THE REES STUFF
Finally, someone has had the courage, the fortitude, the (dare I say it?) chutzpah, to peel back the corner on the fetid swamp that is The Weekly Standard. We at National Review have always maintained a professional respect and bonhomie for our fellow conservative journal. We have long struggled to bite our tongues, believing in what one might call “Il n’y a pas d’ennemi à droit” (Since this is French there is of course a double meaning. The obvious translation is “I surrender” but in this case I mean: “There is no enemy to the right.”). But we can maintain our silence no further.
#ad#Matt Rees (sad to say, a good friend of mine and G-File reader) wrote a piece a few weeks ago on the Secretary of Housing and Urban Development, Andrew Cuomo. Rees’s “reporting” and “research” revealed that Cuomo is a political hack.
I know, I know, how someone could say that about the scion of New York’s Democratic party and George Stephanopoulos’s ally in the Clinton administration is unfathomable, and, well, downright offensive. But who has the courage to say why it’s offensive?
Joseph Cerrell does. He is the president of the National Italian American Foundation. In the current issue of The Weekly Standard he writes a letter in protest to Rees’s bilious and slanderous assault. “The National Italian American Foundation resents the fact that The Weekly Standard targets the only Italian-American member of the Clinton cabinet for a highly personal attack…. If there is a vendetta here it appears to be against Andrew Cuomo.”
In response, Rees says “…And as for the article being motivated by animus toward Italian-Americans, the charge is so silly it doesn’t merit a response.”
Not so fast.
After I read this exchange of conscience versus bigotry, I leapt to my feet and grabbed my collection of Standard back issues (I call it the accordion file of hate). And yes, yes, a pattern does emerge. Rees clearly had been waiting in the tall grass. For nearly the first five years of the magazine’s existence he bided his time, writing profiles of politicians, digging for dirt, covering legislation on the Hill and around the country. What better cover than that of a mild-mannered and decent guy who tackles his job with professionalism and style?
But it is just a cover, a lid on the Mount Vesuvius of loathing (oh, the indignity he must feel of being compared to an Italian volcano). Pull back that veneer and you find a man who relaxes by throwing darts at a picture of Enrico Fermi.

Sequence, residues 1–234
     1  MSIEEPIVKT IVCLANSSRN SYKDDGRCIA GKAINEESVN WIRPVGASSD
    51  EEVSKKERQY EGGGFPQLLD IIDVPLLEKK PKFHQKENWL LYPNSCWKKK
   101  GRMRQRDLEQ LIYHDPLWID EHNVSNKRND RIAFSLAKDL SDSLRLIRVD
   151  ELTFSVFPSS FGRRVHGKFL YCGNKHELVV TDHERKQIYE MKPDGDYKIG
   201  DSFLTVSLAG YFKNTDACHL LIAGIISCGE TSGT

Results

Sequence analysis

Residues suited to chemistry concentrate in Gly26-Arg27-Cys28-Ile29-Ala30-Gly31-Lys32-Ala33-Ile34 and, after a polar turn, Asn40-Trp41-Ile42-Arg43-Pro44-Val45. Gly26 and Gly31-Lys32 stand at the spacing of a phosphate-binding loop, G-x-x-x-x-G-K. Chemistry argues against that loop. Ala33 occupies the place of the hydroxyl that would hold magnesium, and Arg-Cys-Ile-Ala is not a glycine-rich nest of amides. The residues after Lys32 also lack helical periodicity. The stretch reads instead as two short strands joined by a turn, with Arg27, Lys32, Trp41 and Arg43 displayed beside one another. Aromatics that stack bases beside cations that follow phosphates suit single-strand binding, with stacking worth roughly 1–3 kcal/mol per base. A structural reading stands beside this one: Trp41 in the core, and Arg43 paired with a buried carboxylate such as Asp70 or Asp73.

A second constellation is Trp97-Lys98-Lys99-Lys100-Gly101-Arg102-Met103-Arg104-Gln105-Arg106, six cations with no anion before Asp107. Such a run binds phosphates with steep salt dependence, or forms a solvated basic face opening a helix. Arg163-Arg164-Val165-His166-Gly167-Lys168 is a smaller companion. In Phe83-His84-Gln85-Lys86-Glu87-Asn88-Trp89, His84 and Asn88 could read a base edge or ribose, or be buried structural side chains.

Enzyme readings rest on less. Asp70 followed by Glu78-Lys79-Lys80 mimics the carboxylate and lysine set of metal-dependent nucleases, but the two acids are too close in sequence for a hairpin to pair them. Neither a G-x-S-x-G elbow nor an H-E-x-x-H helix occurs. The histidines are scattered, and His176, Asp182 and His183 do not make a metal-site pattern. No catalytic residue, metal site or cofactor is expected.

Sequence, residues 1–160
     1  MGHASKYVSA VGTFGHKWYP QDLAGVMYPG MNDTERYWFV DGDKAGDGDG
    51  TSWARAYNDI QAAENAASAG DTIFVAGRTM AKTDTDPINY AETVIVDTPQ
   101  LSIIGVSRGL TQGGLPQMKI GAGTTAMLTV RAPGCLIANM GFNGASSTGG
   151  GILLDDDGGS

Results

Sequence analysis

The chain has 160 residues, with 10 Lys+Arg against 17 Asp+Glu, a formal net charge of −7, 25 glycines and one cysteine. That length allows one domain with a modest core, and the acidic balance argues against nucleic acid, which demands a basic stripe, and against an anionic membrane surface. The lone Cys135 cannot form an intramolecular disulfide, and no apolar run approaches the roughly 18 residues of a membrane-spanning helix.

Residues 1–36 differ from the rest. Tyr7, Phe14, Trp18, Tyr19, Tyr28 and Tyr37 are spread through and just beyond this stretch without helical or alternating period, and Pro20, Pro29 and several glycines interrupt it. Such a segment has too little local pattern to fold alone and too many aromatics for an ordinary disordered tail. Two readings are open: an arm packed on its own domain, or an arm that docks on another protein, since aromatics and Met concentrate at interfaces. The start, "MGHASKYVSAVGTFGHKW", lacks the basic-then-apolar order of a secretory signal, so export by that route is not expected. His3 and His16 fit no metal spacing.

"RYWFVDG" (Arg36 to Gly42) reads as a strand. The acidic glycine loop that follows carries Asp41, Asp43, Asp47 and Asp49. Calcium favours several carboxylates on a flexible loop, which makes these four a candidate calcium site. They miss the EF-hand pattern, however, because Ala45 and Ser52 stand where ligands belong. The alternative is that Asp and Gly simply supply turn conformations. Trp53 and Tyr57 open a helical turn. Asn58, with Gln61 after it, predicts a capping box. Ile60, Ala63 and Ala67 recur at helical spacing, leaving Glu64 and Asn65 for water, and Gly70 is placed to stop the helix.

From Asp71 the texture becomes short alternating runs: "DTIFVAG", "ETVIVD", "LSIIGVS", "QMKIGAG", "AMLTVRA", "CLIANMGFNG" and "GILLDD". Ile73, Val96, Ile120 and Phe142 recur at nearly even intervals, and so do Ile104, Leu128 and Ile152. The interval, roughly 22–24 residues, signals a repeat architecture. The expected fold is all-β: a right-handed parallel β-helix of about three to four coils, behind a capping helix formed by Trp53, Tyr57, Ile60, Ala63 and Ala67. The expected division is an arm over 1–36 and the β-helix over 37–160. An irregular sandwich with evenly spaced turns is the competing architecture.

If you look closely at his writing, the hate is there. Oh, yes, it’s there. The article on Cheryl Mills? Clearly a Trojan horse. I mean if you write negatively about a black woman who helps sweep the president’s crimes under the rug, how could anyone suspect you of going after your real target — the dreaded Italians? The piece on Jeffrey Fieger’s run for governor of Michigan? Littered with code words. No, not in the text per se, but definitely between the lines. Even in the current issue Rees does it again. He goes after Janet Reno’s role as Beijing’s woman in Washington. She’s the only female cabinet member with Parkinson’s disease. You see what I mean? He doesn’t say what he’s up to, but don’t be surprised by the next letter to the editor.
Okay, no secrets: I have been known to have a passing interest in Star Wars lore. Okay, actually, I guess you could say I know some people who, like me, also have more than a casual affinity for the films, as well as perhaps Star Trek. All right, all right, I have fraternized with one or two individuals who, if called “geeks,” would not have a viable libel case against the accuser. Fine, no point in hiding anything now; I have sheets with Yodas on them; I know all the codicils to the Organian and Kittimer Peace Treaties, and I spend a big chunk of the day talking into a fan so I can sound cool when I say: “Luuuuuuuuuuk, I ammm yor faaaahhhthhherr.”
So it is with no small amount of reluctance that I once again criticize The Phantom Menace. Below are my top ten plot problems with the movie, in no particular order. This is not exhaustive of my criticisms, merely indicative. And, obviously, if you have not seen the movie, you shouldn’t read any further:
1. What happened to the Clone Wars? In Star Wars (down, geeks, down! I also know it was called Episode 4: A New Hope so send me no e-mail) Obi Wan suggests that he fought in the Clone Wars. And he suggests, I think, that Vader did too. He also implies that the Clone Wars were like Waterloo for the Jedis. But, according to the Star Wars timeline, the Clone Wars take place before Phantom Menace. How come nobody mentions this big famous war that just recently concluded?